I don’t know what they talked about in Shreveport, but here in the Northeast, our mothers and fathers spoke routinely of World War II, often about family and friends who perished, and about the atrocities perpetuated by Hitler.

With all that as backdrop, Williams shamefully reached for the “H- word’’ and tried to get a chuckle, using Obama as the foil. It was disgusting. Within hours, ESPN issued a statement, noting that it was “extremely disappointed’’ in Williams and that he was off that night’s show.

Three days later, ESPN permanently severed the relationship, no doubt knowing that bringing him back would be a grandiose insult, not just to the network’s Jewish viewers, but to the viewing public at large.

Ron Kaplan, who writes “Kaplan’s Korner,’’ a blog chronicling the accomplishments of Jewish athletes past and present, equated the singer’s joke with statements made by former Los Angeles Dodgers general manager Al Campanis during an April 1987 appearance on ABC’s “Nightline.’’

The subject of that show was Jackie Robinson, and where baseball stood 40 years after the great Dodger broke the game’s color line. Anchorman Ted Koppel asked why there were so few black managers and GMs in the game, which led Campanis into a ridiculous explanation about how blacks lacked “some of the necessities’’ for those jobs. Worse, the 71-year-old Campanis added that blacks are poor swimmers because they lacked “buoyancy.’’

Koppel gave Campanis ample opportunity to back off his words, but he didn’t, and the ensuing flap led Campanis to resign within 72 hours of the interview.

“Hank Williams is not a profound thinker, obviously,’’ said Kaplan. “It’s scary to me, though, that he obviously has a following, just as ‘Monday Night Football’ has a large audience, and you wonder, ‘Does he speak for some segment of our society?’ I hope he doesn’t have that much juice, and I truly don’t think he does.’’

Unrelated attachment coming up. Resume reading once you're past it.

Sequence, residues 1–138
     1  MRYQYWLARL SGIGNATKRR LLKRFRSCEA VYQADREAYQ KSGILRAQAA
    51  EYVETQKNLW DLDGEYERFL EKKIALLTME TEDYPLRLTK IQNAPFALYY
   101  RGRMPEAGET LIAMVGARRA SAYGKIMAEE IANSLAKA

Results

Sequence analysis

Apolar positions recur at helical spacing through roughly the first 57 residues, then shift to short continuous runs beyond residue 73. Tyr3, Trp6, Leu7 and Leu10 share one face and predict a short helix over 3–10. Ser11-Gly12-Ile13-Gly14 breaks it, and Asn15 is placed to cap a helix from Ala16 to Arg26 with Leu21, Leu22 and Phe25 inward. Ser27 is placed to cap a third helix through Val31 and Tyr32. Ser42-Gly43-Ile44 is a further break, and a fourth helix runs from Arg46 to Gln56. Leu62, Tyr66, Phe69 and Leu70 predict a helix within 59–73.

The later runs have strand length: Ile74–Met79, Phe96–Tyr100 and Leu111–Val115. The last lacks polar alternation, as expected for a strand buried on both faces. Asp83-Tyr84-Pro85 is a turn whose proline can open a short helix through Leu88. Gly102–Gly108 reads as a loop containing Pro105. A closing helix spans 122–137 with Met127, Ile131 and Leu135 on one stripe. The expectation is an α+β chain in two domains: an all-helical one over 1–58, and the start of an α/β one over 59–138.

Campanis’s remarks, and his subsequent resignation, got a lot of people talking. Some virtue came of his stupidity, his blunder. America more closely scrutinized its national pastime, and the game took some steps toward giving minorities more managerial and front office opportunities. Sometimes it takes hideous comments to provide a catalyst, make people question, think, remember.

Kaplan, for one, isn’t buying that in Williams’s case.

“I’ll respectfully disagree,’’ Kaplan said. “We don’t need help to bring it up, to remember, especially from someone like him. He’s not going to teach us anything. We don’t need to know his thoughts.

“When something happens like this, they aren’t doing us any favors. I know in New Jersey, they teach about the Holocaust in the public schools, and I hope that’s true in all the states.

“I hope enough people in the country are smart enough to know what happened, and that their attention span isn’t so short that they’ve forgotten it.’’

Never forget. If Williams forgot, then he has probably had his memory jogged by now. If he didn’t know, that’s even scarier.

Kevin Paul Dupont can be reached at dupont@globe.com. Follow him on Twitter @GlobeKPD.